I remember when Jon Stewart actually brought this up to Norquist. That load's response was basically, "Well, he never signed the pledge. Heh. Hem. Hem. Heh." Looked SO freaking amused with himself, I've never had such a strong urge to punch my television.
 
2013-01-16 08:56:16 AM  

Zoophagous: Well the last line sums up the current GOP: they will always do the opposite of what Dems do. Left unwritten is that they will do this regardless of facts or reason.


To be honest, I am surprised they haven't started complaining about the death star gap, and why Obama is insisting that he won't start production of one.
 
2013-01-16 08:59:05 AM  
America as a whole is becoming more liberal. It was inevitable that it would. The GOP had better adapt or die. They're nearing a tipping point. Many Republicans today would have been considered liberals even twenty years ago, but until they can shake the stereotypes and preconceived notions that have overtaken any actual policy issues they're just limping toward death. Give the left credit, they've won the propaganda war.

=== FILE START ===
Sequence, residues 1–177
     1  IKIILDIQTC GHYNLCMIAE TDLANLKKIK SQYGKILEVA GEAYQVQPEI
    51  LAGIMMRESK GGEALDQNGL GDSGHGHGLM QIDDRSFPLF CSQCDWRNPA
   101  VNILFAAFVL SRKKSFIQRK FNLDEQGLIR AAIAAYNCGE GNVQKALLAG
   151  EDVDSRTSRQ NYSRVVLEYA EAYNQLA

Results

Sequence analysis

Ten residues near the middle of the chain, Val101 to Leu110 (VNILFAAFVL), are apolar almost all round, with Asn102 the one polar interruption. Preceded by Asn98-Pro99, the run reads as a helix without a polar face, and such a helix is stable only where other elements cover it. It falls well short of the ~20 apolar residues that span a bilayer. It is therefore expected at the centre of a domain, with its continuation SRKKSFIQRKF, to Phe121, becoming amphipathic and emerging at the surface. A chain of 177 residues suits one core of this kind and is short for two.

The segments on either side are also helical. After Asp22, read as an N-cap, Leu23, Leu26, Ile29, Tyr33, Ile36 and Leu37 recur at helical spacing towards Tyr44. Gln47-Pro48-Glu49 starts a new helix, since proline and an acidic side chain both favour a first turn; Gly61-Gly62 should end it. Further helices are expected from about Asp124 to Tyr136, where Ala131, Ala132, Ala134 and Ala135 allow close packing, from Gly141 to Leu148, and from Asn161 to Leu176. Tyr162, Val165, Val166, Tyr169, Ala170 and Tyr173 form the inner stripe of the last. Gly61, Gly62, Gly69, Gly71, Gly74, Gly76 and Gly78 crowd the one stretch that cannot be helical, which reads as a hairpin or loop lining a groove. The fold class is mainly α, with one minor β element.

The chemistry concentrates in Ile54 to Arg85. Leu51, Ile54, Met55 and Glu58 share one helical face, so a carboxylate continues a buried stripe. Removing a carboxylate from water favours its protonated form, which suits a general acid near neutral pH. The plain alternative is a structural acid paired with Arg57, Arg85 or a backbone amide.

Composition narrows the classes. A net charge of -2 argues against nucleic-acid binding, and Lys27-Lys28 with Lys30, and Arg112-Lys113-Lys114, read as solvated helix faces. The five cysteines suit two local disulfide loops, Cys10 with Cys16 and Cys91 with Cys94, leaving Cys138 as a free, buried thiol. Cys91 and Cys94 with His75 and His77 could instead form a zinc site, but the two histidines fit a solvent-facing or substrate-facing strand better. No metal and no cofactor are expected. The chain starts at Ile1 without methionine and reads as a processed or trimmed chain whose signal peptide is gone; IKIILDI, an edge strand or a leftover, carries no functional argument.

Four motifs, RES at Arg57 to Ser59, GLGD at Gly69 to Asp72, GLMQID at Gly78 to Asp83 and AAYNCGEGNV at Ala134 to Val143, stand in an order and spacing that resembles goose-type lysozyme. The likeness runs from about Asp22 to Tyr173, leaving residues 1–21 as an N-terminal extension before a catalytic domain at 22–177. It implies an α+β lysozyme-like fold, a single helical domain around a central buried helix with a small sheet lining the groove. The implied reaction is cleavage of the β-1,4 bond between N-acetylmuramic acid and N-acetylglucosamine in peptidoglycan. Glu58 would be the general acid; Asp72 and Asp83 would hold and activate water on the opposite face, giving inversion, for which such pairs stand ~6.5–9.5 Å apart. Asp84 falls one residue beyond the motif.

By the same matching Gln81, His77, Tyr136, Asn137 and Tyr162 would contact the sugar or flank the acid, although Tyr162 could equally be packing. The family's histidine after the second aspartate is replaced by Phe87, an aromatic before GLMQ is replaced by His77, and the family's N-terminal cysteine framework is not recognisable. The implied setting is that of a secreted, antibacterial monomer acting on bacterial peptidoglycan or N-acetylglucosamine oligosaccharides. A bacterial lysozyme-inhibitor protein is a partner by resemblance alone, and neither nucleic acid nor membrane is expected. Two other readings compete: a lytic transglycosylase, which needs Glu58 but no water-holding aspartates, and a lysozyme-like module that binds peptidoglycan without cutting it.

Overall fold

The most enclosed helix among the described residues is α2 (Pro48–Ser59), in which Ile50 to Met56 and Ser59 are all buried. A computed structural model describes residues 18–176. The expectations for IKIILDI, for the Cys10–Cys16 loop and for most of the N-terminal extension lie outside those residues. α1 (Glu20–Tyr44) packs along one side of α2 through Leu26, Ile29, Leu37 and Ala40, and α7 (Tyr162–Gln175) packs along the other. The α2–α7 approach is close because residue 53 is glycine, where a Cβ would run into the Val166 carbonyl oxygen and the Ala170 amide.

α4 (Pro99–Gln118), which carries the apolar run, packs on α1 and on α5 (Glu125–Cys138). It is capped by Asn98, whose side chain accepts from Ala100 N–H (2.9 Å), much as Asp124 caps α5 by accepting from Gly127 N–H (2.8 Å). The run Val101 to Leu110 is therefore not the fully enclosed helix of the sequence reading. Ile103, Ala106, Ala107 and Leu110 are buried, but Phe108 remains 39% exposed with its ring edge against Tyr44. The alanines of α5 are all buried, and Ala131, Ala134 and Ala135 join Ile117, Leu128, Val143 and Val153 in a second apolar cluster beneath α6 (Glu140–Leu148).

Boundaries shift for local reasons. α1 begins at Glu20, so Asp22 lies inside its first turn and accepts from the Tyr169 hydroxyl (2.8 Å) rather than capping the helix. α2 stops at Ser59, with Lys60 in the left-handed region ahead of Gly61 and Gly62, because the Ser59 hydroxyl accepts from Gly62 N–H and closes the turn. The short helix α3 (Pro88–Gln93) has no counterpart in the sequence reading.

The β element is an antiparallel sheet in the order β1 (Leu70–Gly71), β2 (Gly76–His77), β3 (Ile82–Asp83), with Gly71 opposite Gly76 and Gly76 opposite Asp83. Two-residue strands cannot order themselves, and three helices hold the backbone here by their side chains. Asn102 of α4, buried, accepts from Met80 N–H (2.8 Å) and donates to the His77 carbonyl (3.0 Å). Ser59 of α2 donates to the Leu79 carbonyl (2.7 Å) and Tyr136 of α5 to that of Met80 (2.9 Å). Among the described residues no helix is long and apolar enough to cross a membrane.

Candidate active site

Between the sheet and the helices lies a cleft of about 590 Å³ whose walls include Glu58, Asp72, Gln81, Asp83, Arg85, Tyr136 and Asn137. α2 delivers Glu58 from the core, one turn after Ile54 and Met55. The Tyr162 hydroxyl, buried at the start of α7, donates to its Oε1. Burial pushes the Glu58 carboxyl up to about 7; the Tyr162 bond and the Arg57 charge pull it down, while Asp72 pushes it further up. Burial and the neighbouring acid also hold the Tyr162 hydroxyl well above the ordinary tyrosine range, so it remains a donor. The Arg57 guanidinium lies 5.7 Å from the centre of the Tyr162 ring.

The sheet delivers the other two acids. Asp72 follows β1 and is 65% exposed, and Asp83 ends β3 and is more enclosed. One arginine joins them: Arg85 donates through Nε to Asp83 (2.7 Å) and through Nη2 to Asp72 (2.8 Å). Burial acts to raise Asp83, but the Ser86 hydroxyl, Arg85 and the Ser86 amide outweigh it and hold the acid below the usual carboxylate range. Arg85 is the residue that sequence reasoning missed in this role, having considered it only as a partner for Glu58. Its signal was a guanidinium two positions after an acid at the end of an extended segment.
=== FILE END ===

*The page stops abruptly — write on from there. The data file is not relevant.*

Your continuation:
2013-01-16 09:04:20 AM  

Yes please: America as a whole is becoming more liberal. It was inevitable that it would. The GOP had better adapt or die. They're nearing a tipping point. Many Republicans today would have been considered liberals even twenty years ago, but until they can shake the stereotypes and preconceived notions that have overtaken any actual policy issues they're just limping toward death. Give the left credit, they've won the propaganda war.


You mean demographic war.

/Not exactly a Sun-Tzu inspired strategy mind you, but it worked.
 
2013-01-16 09:09:32 AM  

kudayta: Yes please: America as a whole is becoming more liberal. It was inevitable that it would. The GOP had better adapt or die. They're nearing a tipping point. Many Republicans today would have been considered liberals even twenty years ago, but until they can shake the stereotypes and preconceived notions that have overtaken any actual policy issues they're just limping toward death. Give the left credit, they've won the propaganda war.

You mean demographic war.

/Not exactly a Sun-Tzu inspired strategy mind you, but it worked.


That's fair.  But it wasn't entirely passive either.  The Democrats were more nimble and responsive to the natural changes in those demographics.  The Republicans are actively resisting them.  Even blaming them for their own inability to evolve.
 
2013-01-16 09:11:06 AM